Join Date: Mar 2010
Location: Poway, CA
Posts: 441
While the market was down about 2.5% today, my investments were down about 1%. I have mostly index ETFs including VYM, BND, BLV and a few mutual funds including jabax, FLPSX, mwtrx, fsevx, fsivx, a couple of reits including o and hcn, and finally $11k of VDE that I bought about a month ago that is now worth $10k. This last was an energy index, mostly oil including xom as it's top holding. 45% stocks 55% bonds. It is a very dividend focus group of investments as my goal is to not sell the pieces during retirement. Over 3% yield overall. I can provide the % in each if desired.

Sent from my Nexus 4 using Early Retirement Forum mobile app
__________________
OrcasIslandBound is offline   Reply With Quote
Old 01-08-2016, 03:22 AM   #37
Give me a museum and I'll fill it. (Picasso)
Give me a forum ...
 
Join Date: Jul 2005
Posts: 5,414
Quote:
Originally Posted by Lsbcal View Post
What about that long rise in rates from 1954 to 1982?
they were accompanied with lower stock valuations . very different from low rates high stock valuations . equity's rose 11% cagr over that time frame .

think we are looking at 11% average returns at this stage ? not likely for many many many years .
__________________
mathjak107 is offline   Reply With Quote
Old 01-08-2016, 09:08 PM   #38
Recycles dryer sheets
OrcasIslandBound's Avatar
 
Join Date: Mar 2010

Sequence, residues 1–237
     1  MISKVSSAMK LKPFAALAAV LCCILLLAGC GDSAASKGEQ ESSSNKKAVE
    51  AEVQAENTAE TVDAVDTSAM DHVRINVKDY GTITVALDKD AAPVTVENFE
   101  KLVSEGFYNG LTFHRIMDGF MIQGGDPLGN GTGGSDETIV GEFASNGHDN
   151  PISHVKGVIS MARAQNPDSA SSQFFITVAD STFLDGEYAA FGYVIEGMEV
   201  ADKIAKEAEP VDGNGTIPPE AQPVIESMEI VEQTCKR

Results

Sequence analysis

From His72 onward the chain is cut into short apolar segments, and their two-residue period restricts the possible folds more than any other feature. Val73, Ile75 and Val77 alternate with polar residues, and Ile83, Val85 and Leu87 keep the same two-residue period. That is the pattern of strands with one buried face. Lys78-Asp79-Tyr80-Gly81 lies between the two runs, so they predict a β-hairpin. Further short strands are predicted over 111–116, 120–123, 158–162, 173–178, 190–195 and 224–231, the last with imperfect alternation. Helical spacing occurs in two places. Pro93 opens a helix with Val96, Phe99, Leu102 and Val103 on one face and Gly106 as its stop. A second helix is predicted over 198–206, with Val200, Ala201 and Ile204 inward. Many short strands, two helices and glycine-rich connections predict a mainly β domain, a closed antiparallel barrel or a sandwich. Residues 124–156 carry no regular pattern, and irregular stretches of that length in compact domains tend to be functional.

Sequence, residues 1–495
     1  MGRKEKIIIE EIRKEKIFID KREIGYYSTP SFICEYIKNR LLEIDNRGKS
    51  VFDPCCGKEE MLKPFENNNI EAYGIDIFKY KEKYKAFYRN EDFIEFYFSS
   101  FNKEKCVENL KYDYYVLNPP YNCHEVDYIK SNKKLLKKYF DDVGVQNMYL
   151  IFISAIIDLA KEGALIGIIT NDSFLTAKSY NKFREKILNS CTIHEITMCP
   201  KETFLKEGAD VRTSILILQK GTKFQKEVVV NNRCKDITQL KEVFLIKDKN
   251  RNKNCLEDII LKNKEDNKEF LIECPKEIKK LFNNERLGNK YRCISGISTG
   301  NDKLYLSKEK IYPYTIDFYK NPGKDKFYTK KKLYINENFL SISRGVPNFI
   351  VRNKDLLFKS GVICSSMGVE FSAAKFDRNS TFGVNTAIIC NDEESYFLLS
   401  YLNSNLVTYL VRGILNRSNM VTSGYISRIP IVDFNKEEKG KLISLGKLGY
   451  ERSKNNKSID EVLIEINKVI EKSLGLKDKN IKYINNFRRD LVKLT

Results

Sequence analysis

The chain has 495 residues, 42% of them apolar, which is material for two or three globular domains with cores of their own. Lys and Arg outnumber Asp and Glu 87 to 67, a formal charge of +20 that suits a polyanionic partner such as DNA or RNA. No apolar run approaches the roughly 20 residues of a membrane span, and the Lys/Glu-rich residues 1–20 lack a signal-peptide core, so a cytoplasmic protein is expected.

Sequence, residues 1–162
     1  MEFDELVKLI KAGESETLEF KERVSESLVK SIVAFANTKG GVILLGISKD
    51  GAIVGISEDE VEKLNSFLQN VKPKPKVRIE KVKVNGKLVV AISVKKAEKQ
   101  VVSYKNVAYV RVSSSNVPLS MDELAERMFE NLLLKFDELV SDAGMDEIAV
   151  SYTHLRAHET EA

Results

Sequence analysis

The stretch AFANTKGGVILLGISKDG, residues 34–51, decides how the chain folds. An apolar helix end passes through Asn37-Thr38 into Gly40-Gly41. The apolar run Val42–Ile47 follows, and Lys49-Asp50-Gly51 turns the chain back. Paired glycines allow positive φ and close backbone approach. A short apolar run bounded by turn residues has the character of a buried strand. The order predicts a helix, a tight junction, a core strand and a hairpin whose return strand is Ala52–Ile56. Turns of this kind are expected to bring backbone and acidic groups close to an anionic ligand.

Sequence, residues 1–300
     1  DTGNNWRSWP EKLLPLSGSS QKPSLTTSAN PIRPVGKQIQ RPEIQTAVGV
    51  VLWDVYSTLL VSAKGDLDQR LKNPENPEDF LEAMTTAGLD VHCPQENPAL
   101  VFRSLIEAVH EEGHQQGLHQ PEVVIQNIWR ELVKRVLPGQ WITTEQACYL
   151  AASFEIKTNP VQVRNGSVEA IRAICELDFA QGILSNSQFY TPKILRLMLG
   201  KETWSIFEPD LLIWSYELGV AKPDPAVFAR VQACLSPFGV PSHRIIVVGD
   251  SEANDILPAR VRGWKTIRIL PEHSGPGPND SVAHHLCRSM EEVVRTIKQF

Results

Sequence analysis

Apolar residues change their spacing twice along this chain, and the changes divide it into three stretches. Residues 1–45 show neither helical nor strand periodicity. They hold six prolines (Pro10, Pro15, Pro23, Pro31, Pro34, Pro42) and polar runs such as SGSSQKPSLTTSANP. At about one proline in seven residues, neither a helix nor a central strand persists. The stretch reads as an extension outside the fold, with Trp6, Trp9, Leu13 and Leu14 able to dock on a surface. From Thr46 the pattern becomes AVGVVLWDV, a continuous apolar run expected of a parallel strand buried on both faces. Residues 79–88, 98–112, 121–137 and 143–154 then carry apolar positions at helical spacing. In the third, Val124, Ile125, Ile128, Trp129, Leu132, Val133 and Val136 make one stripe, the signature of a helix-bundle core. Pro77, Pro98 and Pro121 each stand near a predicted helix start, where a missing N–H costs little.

Location: Poway, CA
Posts: 441
Unfortunately, the trend is continuing.

Sent from my Nexus 4 using Early Retirement Forum mobile app
Attached Images
File Type: jpg 1452308885939.jpg (69.7 KB, 11 views)
__________________
OrcasIslandBound is offline   Reply With Quote
Old 01-10-2016, 12:22 PM   #39
Give me a museum and I'll fill it. (Picasso)
Give me a forum ...
Ed_The_Gypsy's Avatar
 
Join Date: Dec 2004
Location: the City of Subdued Excitement
Posts: 5,293
Quote:
Originally Posted by Lsbcal View Post
What about that long rise in rates from 1954 to 1982?
Great question! I am not confident I can answer that, but let me share what I have. First, I am indebted to big-papa for directing me to Simba's spreadsheet (updated) from Bogleheads. The spreadsheet must have been an enormous amount of work by Simba, updated by several others. A thousand thanks to all!

https://drive.google.com/file/d/0B6r...bWc/view?pli=1

The first image is from FRED (thank you for the reference!) showing long-term (>20 years?) since 1954. Note the gap when LTB were not issued. Interest rates peaked in 1982.

The second image is from Simba's spreadsheet for 100% LTB from 1972 to 2014. I believe this would be for a LTB fund, but I cannot confirm that. I believe this is for no withdrawals, just compounding. The blue dots are for the Coffeehouse Portfolio, for reference. (LTB<<CHP.)

The third image is also from Simba's spreadsheet showing 100% SCV. Again, the blue dots are for the Coffeehouse Portfolio. (SCV>>CHP.)

The fourth image is for a 50/50 SCV/LTB (fund?) portfolio vs CHP. The red dots are for the portfolio rebalanced; the yellow ones are for not-rebalanced (why would that be interesting? Dunno. Can't shut it off, though.) Note that the rebalanced 50/50 SCV/LTB outperforms the CHP and takes a shallower dip in 2008.

Finally, the fifth image shows 50/50 (P1, navy-blue diamond), 100% LTB (P2, purple square) and 100% SCV (P3, yellow triangle) returns vs risk, measured as annual standard deviation. (Ignore the light blue diamond and the grey circle.)

Over the 43 year period,